been approached by the Airports Commission to assist in facilitating a visit to
the Gatwick area for the Commissioners to meet with representatives from local
Airports Commission has been asked to examine the UK’s aviation capacity and
need in the context of maintaining the UK’s position as a leading aviation
hub. It has been asked to make recommendations to the Government about
how that capacity should be delivered. In its Interim Report (published
in December, 2013) the Commission shortlisted three proposals – two at Heathrow
Airport and one at Gatwick Airport – for providing additional capacity.
Airports Commissioners – Sir Howard Davies, Sir John Armitt, Dame Julia King,
Professor Ricky Burdett and Vivienne Cox – are keen to engage with local
authorities and MPs and communities around the shortlisted options.
Commissioners are also keen to ensure they understand local concerns as they
work through the appraisals of each option.
position is that we support the case for a second runway, in principle, but are
cognisant of the environmental and infrastructure issues that may arise.
We do understand that feelings run high and that there is a lot of opposition.
However, we do believe the economic case and the benefits it would bring to the
county are solid.
notice has been short, we have worked hard with the Commission secretariat to
facilitate this opportunity for local representatives to meet with the
Commissioners, which will take place on Wednesday. This is a private meeting
for the benefit of elected local authority leaders and MPs. It will be followed
by a wider discussion when they will answer questions from additional invited
guests, including Councillors, local groups and organisations such as parish
councils, Gatwick Diamond and Manor Royal.
I will post
another blog after the meeting because I am keen to share what happens as I
know there is a lot of interest.
the last few months there has been much work going on around transforming
services at County Hall -all part of
the County Council’s on-going evolutionary process .
the backbone of that evolution is the relentless focus we have on our three key priorities,
Start of Lifeand making sure children
have the best possible start,growing a
strong and diverse economy andLater
Life, ensuring our older residents can live as independently in their homes for
as long as possible. And of course, all that is underpinned by ensuring that
we, WSCC , are there in an emergency, that we protect the frail and vulnerable
and that we help people to help themselves.
new senior management structure has been designed to helpmeet our communities’ needs around these key
priorities. There has been a considerable amount of consultation with staff
about these changes - road shows, meetings and presentations to the county’s
different political groups.
On Monday, the proposed new
structure was formally discussed at the county council’sGovernance Committee where it was agreed.
will now go to the next meeting of the Full County Council on July 25 for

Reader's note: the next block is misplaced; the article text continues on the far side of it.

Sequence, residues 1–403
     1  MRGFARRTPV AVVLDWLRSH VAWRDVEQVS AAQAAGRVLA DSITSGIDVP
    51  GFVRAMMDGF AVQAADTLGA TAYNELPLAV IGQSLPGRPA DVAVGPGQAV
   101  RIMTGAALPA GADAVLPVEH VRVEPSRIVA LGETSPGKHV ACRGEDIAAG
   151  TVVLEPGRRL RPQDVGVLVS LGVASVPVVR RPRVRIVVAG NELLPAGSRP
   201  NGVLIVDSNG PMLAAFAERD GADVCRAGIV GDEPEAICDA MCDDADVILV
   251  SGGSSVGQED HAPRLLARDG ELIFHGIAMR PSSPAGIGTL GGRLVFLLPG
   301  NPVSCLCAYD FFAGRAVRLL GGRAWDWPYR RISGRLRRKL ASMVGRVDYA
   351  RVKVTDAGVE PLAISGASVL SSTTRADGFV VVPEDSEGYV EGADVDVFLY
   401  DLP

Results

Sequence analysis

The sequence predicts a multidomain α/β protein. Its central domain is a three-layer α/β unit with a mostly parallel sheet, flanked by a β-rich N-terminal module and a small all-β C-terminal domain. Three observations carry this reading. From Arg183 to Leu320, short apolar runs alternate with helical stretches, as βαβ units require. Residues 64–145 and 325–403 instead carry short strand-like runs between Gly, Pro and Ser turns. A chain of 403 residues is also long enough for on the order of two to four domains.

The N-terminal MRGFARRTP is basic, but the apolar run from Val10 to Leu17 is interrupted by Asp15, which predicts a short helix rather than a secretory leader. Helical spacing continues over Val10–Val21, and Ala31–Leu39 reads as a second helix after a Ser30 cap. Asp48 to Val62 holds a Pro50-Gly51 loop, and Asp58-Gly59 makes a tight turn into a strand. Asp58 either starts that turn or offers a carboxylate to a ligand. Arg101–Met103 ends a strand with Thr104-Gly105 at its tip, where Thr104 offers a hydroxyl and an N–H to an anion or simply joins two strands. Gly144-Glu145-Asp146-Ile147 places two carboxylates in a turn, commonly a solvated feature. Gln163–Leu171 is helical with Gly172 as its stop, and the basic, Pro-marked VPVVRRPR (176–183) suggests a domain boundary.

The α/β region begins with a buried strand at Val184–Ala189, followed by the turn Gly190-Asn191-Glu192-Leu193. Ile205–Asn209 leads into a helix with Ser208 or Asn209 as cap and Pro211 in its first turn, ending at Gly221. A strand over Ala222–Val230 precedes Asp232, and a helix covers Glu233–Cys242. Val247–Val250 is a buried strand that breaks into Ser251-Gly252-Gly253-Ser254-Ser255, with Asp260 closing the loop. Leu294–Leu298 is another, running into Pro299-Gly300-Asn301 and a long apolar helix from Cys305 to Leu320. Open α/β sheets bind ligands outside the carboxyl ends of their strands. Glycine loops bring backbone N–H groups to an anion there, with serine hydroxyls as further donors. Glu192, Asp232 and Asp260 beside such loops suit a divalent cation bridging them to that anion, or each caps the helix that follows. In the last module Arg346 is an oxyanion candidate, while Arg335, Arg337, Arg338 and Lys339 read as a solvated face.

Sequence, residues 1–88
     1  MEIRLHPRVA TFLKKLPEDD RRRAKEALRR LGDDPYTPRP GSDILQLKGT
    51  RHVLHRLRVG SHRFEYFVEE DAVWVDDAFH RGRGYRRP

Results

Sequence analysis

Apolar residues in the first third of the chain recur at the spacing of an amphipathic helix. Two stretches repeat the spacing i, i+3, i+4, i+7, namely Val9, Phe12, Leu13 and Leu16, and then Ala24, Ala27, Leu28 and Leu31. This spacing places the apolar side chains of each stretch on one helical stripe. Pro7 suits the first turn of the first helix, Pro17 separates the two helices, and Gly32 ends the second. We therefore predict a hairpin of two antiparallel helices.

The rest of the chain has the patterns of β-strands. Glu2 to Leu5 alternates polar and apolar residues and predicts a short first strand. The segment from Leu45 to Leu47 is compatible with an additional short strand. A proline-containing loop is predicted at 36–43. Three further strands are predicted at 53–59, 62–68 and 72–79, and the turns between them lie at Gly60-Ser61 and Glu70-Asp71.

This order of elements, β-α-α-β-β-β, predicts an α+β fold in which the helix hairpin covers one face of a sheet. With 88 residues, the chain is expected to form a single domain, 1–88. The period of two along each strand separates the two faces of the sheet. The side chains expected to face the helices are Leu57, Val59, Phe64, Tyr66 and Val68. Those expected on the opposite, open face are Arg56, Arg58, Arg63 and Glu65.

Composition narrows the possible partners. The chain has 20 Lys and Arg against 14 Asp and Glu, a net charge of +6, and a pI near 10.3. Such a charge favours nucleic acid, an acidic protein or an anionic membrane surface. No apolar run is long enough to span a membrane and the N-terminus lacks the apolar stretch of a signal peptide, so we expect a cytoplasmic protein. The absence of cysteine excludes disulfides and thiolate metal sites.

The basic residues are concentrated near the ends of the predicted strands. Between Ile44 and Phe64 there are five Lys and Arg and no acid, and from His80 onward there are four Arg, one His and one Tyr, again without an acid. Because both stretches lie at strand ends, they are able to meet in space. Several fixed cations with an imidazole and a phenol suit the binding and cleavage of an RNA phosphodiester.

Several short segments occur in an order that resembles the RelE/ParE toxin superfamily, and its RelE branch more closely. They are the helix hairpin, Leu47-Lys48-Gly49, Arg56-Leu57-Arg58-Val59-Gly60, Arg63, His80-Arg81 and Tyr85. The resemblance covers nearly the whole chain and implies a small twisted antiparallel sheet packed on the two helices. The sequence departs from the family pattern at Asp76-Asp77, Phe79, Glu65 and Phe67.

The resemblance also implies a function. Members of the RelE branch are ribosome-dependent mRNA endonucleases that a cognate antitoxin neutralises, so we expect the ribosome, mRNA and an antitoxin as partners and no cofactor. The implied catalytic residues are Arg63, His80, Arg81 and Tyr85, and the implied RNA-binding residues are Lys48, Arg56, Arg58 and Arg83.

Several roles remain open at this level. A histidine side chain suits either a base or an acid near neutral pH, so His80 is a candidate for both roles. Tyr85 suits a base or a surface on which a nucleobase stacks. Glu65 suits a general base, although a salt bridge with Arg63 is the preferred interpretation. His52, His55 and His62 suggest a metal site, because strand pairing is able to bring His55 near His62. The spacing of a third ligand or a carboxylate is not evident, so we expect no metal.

discussion and final approval.
structure is much smaller and cuts out some management hierarchy where we know
there is a real need to improve. It also provides a better focus on our work on
the local economy and growth and includes additional capacity to support our
agenda around being more commercial, providing value for money to the people of
course this means that staff numbers will reduce which is always difficult news
for staff. The plan is to reduce our senior management structure from 64 to around
20 with some of the functions in the current structure being delivered in a
different way. We will keep the model of a Chief Operating Officer as the most
senior officer of the council and there will be four executive directors (rather
than the current eight) to help lead the Council.
are confident that this leaner management structure will deliver those
all-important outcomes for our residents and our communities. This new
structure, when the next phase is carried through over the coming months, will
also achieve significant savings and when we are currently looking at finding around
another 128 million savings, this is welcome, particularly as it helps to
ensure frontline services are protected.
will inevitably mean redundancies, although many we hope will be voluntary.
Over the last couple of years we have been setting aside money to meet any such
have over the last couple of weeks read through the staff comments from the
consultation and been impressed at the considerable thought and realisation
that this is something that needs to be done.
doubt some of the political opposition will claim that these plans are not
radical enough or even too radical but let me reassure you that much thought
and consideration has gone into getting us where we are today. And we continue
to ensure a relentless focus on delivering those all-important services.
Fundamentally,as an authority delivering over 80% of local public
services to our residents, we need to be flexible and responsive at all times. This new
structure allows us to do just that.